Most jewelers that use a touchstone are experienced enough in testing the same, fairly consistent, karat alloys, day after day, that they can sort various karats by using only the various acids and watching how fast the streaks are attacked and by observing the resulting color.

The touchstone methods is designed for karat golds. Yellow karat gold contain silver, copper, and a little zinc, of fairly consistent amounts, depending on the karat and the color. If any other metals are present in the alloy, or, if the silver content is higher than about 10%, it can alter the rate of the attack of the acids and give false answers.

Although placer gold always contains silver and copper, it also contains other metals and some placer has a lot of silver in it. These can alter the rate of acid attack considerably. Therefore, any results on placer nuggets using a touchstone are iffy, at best.

If you really want to know what the gold content really is, send about a 1/2 gram sample of drillings to a lab that does fire assaying. It will cost about $50-$100. Also, many jewelers, especially those that buy a lot of scrap gold, now have XRF (x-ray) guns that can tell you the various percentages of all the metals, in about a minute. These XRF guns are somewhat operator dependent, though, and some readings can be faulty, especially if the operator is inexperienced. Most would probably test your gold for free and, if possible, you should back that reading up with an XRF reading from a second jeweler, or gold buyer. Get a second opinion.

Re. your second question: No, you can't purify gold in a melt. The copper and some of the other impurities can be reduced by adding certain chemicals, but these are corrosive to the crucible and you'll never remove any of the always present silver that's in placer gold. By repeated melts, the copper can decrease by a very small amount, just by the reaction of the copper on the surface with the oxygen in the air. The resulting copper oxide is transferred to the slag. But, for repeated melts as a purification process, the answer is an emphatic NO.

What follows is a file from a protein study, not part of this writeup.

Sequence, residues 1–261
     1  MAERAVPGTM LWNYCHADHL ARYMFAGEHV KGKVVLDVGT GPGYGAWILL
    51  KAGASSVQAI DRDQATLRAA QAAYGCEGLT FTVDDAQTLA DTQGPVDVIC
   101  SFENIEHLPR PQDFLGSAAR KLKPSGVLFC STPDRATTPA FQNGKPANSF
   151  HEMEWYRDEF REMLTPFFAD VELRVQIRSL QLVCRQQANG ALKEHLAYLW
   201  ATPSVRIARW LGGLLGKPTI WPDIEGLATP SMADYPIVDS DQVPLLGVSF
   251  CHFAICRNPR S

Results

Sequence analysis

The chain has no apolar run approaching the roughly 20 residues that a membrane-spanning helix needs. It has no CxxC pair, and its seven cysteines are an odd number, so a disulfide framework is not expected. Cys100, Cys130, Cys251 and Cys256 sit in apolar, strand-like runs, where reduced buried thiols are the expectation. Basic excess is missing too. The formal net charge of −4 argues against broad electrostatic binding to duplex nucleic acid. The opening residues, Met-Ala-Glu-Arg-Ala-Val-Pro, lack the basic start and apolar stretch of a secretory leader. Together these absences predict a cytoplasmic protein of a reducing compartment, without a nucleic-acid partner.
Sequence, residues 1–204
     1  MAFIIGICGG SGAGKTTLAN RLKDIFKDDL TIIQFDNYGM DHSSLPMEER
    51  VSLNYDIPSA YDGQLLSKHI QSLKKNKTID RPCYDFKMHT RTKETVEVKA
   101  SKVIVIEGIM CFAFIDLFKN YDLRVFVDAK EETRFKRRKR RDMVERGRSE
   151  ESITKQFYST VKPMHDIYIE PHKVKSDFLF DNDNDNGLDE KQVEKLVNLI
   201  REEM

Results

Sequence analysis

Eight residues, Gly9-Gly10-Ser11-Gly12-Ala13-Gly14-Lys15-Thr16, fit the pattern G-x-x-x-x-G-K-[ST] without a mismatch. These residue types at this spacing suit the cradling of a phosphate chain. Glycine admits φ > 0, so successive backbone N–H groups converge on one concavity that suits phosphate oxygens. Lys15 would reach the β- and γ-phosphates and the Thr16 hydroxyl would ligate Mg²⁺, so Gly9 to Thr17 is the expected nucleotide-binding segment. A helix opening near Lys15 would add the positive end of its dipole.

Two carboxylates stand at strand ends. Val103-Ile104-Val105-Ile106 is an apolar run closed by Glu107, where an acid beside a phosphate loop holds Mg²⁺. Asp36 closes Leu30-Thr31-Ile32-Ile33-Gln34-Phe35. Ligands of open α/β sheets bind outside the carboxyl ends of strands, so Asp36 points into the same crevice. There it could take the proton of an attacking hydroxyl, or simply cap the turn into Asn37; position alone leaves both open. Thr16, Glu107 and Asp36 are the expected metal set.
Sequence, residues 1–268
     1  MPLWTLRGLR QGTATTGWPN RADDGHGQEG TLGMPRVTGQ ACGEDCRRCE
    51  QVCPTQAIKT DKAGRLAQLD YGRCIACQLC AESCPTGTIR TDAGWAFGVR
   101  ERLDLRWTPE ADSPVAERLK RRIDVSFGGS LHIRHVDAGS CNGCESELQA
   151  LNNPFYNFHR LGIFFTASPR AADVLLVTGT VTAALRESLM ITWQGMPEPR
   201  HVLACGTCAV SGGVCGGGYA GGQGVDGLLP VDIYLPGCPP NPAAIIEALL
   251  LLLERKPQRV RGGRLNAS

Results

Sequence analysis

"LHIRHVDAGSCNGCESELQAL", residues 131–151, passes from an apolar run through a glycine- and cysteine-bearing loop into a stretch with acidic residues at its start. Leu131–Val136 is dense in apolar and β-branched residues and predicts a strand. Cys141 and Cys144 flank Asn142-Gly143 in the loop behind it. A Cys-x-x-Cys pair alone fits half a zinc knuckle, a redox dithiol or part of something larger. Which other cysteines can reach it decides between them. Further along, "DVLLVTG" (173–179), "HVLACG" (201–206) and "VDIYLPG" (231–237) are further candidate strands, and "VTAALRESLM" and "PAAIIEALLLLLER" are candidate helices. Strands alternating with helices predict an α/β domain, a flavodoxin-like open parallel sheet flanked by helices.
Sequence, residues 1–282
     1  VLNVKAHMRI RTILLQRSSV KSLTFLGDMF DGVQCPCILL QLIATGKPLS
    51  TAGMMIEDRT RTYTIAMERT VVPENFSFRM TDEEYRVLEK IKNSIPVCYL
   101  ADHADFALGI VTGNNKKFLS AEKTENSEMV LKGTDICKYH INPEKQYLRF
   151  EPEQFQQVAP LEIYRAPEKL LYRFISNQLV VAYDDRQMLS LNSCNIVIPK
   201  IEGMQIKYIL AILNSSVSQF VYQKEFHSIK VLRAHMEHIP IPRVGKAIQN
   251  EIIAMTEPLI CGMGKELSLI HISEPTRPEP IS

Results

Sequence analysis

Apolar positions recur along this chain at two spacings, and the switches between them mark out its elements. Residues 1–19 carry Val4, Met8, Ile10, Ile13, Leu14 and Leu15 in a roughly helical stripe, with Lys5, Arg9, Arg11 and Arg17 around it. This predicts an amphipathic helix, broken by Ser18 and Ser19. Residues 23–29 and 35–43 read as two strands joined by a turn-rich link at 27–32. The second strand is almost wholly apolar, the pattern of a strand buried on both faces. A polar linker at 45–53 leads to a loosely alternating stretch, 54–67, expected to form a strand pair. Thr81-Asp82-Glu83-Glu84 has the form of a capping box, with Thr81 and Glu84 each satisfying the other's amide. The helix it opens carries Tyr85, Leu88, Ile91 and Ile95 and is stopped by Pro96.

Hope this helps.

Chris Owen
- Benton, Arkansas, USA

July 31, 2018

A. Hi randy,
Your 10,14 or 18 carat gold contains alloy; it has silver in an alloy. If the ratio of composition of silver from alloy to pure gold mismatch, thEn masking of greyish blackish silver chloride coating occurs on metal surface in AR treatment. That is called 'masking'. It dissolves in ammonium hydroxide but returns when metal comes in contact with AR.

Bhupesh Mulik
CAC admixtures - Mumbai,india

September 18, 2018

Q. How to kill iridium in gold with 99.99% silver and HNO3 (NITRIC ACID)?

vasu rastogi
hobbyist - india

Ed. note: Reminder from the question submittal form --

February 7, 2019

Q. Hi everyone,

Thank you all for your wonderful responses. Recently I got to know about gold extraction from computer scrap, and I purchased a little stuff to have some fun and add a little knowledge. I took around 90 pentium 4 cpu's and dipped in solution of HCl and Nitric acid. I found no reaction occurs so I added a little sulphuric acid to it. Fumes started and after some time gold pins and gold plating left in that solution. Now I'm worried to know what should be my next best step to get complete process. If anyone wants to add in it, I would be very thankful to it.

Thanks & regards

Syed Hussain

April 14, 2019

Q. Aslm Alkm,
Hi there Urban miners; I'm here to have more enlightenment ...
1. which is the most proper Acid qualitative to use when extracting Gold, i.e., Concentrated or Dilute Acid?
2. is there anyone here who can help tell and explain the composition of this GOLDSTRIPPER? I saw its action on Ceramic Processor; it is unlike Aqua Regia, it is so selective that it does not dissolve other metals.
I found it difficult to get it here in Nigeria, that is why i think if I can see the composition I might be able to make it myself,

Yushau Halilu
- Lafia nasarawa Nigeria